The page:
New research from the RVC predicts the future life expectancy for companion cats

Photo Credit: Jackie Cardwell
Photo Credit: Jackie Cardwell

New research from the Royal Veterinary College (RVC), in collaboration with researchers from the National Chung Hsing University (NCHU) in Taiwan, has produced the first-ever ’life tables’ for the UK companion cat population. This represents a major step forward in how we understand the lifespan of companion cats and revealing new information on mortality rates and influencing factors.

Using records from the RVC’s VetCompass Programme, the researchers analysed data from 7,936 cats under primary veterinary care in the UK that died between 1st January 2019 and 31st March 2021. The results were then broken down by breed and sex and presented in life tables.

Life tables predict the remaining life expectancy and probability of death across a range of age groups in any given population. This information on remaining expected life can be used for cats from any age of interest and can help, for example, prospective owners and cat rehoming centres to predict how much longer a cat for rehoming may live.

Understanding typical remaining lifespan can also support owners and veterinarians when making complex decisions about the best treatment option to protect a cat’s overall wellbeing.

Key findings from the study include:

  • The overall average life expectancy at age 0 (their first year of life) for UK companion cats was 11.7 years
  • Female cats had a 1.33-year longer life expectancy than male cats at age 0.
  • Burmese and Birman breeds had the greatest life expectancy from age 0 at 14.4 years, followed by Crossbreed (11.9 years) and Siamese (11.7 years).
  • Sphynx cats had the shortest life expectancy, at 6.8 years from age 0.
  • Factors such as being purebred and non-ideal bodyweight (either too light or too heavy) were linked to shortened life expectancy.

  • Dr Kendy Teng, Assistant Professor of Animal Welfare Epidemiology at National Chung Hsing University, and lead author of the study, said:

    "The development of life tables for the UK companion cat population represents a significant milestone in understanding the life of cats.Knowing the expected lifespan of their cats, we’re not just raising awareness, we’re helping the owners to make ’pawsitive’ decisions for their cats."

    Dr Dan O’Neill, Associate Professor of Companion Animal Epidemiology at RVC, and co-author of the study, said:

    "Since the early civilisation of man, predicting the future has been one of our greatest fascinations. These new life tables finally enable owners of cats to do just this and to predict the future life expectancy for their cats based on novel scientific methods and the power of Big Data."

    Kendy Tzu-yun Teng, Dave C. Brodbelt, David B. Church and Dan G. O’Neill, (2024) Life tables of annual life expectancy and risk factors for mortality in cats in the United Kingdom. Journal of Feline Medicine and Surgery.

    The full paper will be available at: https://journals.sagepu­­full/10.11­77/1098612­X241234556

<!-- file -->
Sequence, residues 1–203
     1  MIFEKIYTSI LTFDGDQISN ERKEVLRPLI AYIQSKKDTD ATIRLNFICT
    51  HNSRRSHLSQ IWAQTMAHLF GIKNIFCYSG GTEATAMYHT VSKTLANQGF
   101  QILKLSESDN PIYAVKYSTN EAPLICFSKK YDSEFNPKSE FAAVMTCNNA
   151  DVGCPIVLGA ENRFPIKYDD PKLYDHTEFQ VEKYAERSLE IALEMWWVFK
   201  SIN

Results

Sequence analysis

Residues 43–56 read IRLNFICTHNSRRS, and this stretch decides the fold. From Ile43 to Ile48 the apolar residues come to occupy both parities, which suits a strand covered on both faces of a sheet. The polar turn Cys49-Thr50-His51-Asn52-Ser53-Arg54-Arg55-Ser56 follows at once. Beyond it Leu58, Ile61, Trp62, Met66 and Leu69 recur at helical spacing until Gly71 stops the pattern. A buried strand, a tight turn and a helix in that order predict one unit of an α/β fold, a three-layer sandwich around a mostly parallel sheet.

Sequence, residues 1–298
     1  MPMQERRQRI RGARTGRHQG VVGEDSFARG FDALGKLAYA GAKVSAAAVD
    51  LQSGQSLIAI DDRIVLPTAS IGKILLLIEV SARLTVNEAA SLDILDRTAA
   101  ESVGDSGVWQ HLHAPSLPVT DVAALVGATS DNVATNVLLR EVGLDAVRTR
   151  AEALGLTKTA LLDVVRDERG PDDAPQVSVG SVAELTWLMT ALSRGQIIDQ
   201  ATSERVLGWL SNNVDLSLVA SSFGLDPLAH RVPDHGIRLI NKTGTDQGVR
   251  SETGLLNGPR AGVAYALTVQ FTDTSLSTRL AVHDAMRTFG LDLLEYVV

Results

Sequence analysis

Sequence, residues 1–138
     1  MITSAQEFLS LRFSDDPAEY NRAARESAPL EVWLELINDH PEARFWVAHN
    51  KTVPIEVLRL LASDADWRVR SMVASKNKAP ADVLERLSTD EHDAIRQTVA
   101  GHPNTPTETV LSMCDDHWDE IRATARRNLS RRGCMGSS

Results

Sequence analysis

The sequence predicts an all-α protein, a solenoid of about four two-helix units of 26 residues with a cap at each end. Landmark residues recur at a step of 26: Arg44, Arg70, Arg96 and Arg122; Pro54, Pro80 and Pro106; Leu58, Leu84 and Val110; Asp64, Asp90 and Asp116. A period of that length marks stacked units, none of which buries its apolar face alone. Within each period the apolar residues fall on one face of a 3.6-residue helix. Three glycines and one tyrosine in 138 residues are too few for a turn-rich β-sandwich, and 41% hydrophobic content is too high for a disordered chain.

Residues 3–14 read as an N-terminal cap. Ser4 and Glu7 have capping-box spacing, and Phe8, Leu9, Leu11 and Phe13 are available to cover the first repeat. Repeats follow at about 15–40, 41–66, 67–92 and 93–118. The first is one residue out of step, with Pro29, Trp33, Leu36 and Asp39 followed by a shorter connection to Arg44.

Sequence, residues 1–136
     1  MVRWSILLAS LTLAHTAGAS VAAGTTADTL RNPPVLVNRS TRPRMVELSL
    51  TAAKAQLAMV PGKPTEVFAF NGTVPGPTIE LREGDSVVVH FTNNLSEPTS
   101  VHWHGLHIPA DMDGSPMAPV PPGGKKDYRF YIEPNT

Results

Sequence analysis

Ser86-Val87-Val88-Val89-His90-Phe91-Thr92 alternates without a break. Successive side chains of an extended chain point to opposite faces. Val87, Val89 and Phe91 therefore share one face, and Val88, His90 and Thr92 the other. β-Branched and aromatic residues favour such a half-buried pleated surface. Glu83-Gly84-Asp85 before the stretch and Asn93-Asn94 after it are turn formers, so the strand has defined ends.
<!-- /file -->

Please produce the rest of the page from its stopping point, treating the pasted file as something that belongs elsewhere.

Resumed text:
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  • About the RVC

  • The Royal Veterinary College (RVC) is the UK’s largest and longest established independent veterinary school and is a Member Institution of the University of London.
  • It is one of the few veterinary schools in the world that hold accreditations from the RCVS in the UK (with reciprocal recognition from the AVBC for Australasia, the VCI for Ireland and the SAVC for South Africa), the EAEVE in the EU, and the AVMA in the USA and Canada.
  • The RVC is ranked as the top veterinary school in the world in the QS World University Rankings by subject, 2023.
  • The RVC offers undergraduate and postgraduate programmes in veterinary medicine, veterinary nursing and biological sciences.
  • The RVC is a research-led institution, with 88% of its research rated as internationally excellent or world class in the Research Excellence Framework 2021.
  • The RVC provides animal owners and the veterinary profession with access to expert veterinary care and advice through its teaching hospitals and first opinion practices in London and Hertfordshire.
  • About the VetCompass? Programme

    VetCompass? (The Veterinary Companion Animal Surveillance System) is an epidemiological research programme at the Royal Veterinary College (RVC) which investigates anonymised clinical records from veterinary practices to generate evidence to support improved animal welfare.

    VetCompass shares information from more than 1,800 veterinary practices in the UK (over 30% of all’UK practices) covering more than 28 million companion and equine animals.

    To date, VetCompass? has led to more than 130 peer-reviewed publications that have supported welfare-focused work across the range of animal stakeholders including the wider general public, owners, breeders, academics, animal charities, universities and government.

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